At some point the gap between press conference and reality becomes too glaring to ignore…
By Maria Moser
How on earth could something as silly as neighborhood public schools bedevil Rahm Emanuel right out of his incumbent throne as mayor of Chicago? The New York Times recently asked that question, and I’m happy to provide some answers. My home is on Chicago’s South Side, on a street full of cops and firefighters, and people still call themselves *new to the neighborhood* if they’ve been here less than 25 years. With only 9 years under my belt, I’m a relative newcomer. But traveling often for work, and seeing the gap between national coverage and reality on the ground, I’d like to try to answer a question that’s been asked a lot recently: What happened to Rahm? Continue reading →
Who will be the next superintendent of the Boston Public Schools (and who really gets to decide???)
It’s a bird. No–it’s a plane. No–it’s actually snow. Why it’s snowing men, reader! Four men to be precise, each of whom longs to lead the Boston Public Schools. But first these *he’s* must make their way through a gauntlet of challenges: like using *innovation* three different ways in a sentence, putting the best spin possible on a veritable closet full of edu-skeletons, and engaging in a marathon’s worth of glad-handing with *stakeholders.* So who is to be our Super man? Full disclosure: I have no idea, but I suggest that we meet them quickly as a decision is imminent. Continue reading →
Xian Franzinger Barrett argues that accountability without equity means more inequity…
Chicago teacher Xian Barrett.
EduShyster: OK—I need you to set me straight here. Is ensuring that we continue to test kids in high-needs schools the civil rights issue of our time? Or is striking a blow against too much testing in high-needs schools the civil rights issue of our time? Or is civil rights actually the civil rights issue of our time?
Xian Franzinger Barrett: The people who are talking about this genuinely on both sides are talking about the same thing, it’s just that the problem they’re trying to address is pervasive and terrible. This idea that we’re unseen and unheard unless we’re measured has a basis in history and reality, so I think it’s important that we don’t lose that. But anyone who says *you’re not going to be acknowledged unless you’re tested* is either too pessimistic or they’re racist. We also have to acknowledge that the very fact that people aren’t being supported or treated equitably unless they’re measured is racism. No one would ever say: *the rich kids in this private school—we don’t have a good measurement of them so we’re just not going to give them an education.* That’s just ridiculous. Continue reading →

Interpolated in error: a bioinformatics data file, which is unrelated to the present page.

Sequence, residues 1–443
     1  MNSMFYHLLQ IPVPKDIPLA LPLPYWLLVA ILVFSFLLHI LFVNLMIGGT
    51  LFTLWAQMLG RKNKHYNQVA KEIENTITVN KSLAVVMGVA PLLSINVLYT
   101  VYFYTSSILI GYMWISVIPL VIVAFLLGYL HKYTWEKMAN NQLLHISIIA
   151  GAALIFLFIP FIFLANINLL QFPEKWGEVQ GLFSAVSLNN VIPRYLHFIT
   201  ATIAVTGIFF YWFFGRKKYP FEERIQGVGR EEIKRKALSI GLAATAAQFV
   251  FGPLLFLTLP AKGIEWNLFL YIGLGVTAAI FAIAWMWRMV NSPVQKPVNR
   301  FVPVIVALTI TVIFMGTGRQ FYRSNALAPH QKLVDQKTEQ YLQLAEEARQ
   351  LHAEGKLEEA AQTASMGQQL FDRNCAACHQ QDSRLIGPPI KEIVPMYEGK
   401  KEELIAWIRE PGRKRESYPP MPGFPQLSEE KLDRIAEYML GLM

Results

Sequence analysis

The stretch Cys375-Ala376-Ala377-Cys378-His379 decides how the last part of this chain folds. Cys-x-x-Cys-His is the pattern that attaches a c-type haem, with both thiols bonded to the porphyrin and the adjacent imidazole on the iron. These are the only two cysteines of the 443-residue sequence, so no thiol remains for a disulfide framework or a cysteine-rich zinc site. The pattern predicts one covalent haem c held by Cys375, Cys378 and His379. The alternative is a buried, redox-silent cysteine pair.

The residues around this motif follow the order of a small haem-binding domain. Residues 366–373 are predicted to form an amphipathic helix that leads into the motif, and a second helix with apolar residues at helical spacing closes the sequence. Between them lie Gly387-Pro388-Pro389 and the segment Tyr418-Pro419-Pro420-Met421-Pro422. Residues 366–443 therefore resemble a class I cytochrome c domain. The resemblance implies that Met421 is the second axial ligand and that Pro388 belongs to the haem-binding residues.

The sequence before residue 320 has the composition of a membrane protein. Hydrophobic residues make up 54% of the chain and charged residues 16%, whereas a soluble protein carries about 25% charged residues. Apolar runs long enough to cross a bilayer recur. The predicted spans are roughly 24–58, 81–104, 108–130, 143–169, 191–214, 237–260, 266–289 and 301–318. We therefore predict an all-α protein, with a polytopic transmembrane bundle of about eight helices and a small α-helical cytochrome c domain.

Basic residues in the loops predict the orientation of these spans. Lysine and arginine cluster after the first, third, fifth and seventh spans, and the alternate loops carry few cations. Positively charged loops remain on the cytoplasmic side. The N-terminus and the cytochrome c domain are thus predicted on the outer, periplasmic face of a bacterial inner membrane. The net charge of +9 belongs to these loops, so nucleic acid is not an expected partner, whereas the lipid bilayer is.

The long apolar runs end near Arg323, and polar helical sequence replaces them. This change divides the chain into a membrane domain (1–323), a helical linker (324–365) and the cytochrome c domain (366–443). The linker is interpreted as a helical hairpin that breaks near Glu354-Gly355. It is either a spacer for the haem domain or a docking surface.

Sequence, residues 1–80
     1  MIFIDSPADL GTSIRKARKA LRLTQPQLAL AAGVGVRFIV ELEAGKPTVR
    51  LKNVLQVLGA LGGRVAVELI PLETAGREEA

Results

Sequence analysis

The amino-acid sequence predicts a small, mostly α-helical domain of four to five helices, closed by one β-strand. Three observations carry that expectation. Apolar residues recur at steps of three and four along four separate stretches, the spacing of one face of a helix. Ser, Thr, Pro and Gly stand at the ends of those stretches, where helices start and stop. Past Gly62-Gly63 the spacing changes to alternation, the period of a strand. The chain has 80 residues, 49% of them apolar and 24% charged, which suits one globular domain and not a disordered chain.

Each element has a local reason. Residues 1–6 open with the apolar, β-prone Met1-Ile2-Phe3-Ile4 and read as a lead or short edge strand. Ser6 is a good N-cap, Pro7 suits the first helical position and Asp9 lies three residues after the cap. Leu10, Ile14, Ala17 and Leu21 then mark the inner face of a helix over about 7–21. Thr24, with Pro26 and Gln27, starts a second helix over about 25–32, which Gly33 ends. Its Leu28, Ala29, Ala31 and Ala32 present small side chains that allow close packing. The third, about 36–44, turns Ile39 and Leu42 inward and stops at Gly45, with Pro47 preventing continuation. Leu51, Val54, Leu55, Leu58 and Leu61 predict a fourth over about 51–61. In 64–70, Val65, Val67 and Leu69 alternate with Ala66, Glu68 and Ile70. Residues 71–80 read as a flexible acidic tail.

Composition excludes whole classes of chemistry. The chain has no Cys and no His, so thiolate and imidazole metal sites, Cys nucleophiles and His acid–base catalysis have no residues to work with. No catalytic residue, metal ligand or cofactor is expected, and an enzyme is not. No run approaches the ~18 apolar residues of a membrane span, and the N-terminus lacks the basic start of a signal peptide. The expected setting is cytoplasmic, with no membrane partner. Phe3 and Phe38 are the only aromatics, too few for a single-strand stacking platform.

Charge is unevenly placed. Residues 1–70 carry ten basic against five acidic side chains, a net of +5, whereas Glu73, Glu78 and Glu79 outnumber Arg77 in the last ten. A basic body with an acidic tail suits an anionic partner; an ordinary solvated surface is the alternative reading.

But do they love her for the right reasons?
Oh Lawrence, you city by the Spicket, you. It seems like only yesteryear that everyone who was anyone was writing the damndest things about your poorest-burg-in-Massachusetts self. And here you are – not just grown up, but blown up. The edupreneurial set suddenly can’t get enough of you. Your story is even bandied about across the pond. And who’s that I see checking you out from a few states over, Lawrence? Why if that isn’t New York looking you up and down… Continue reading →
Minnesota’s charter experiment comes up short, while elsewhere in the Gopher state a Loon rises…
By Sarah Lahm, EduShyster Academy
Gopher state hearts and minds are in a state of confusion these days, thanks to the simultaneous appearance of two head-spinning headlines. First came this stunning jolt to the system (the charter system, that is): It turns out that charter schools, even the ones in Minnesota (our license plates say *First in Charter Schools!*), may not be the magical, miraculous, free market answer to our public school problems we’ve been led to believe. Continue reading →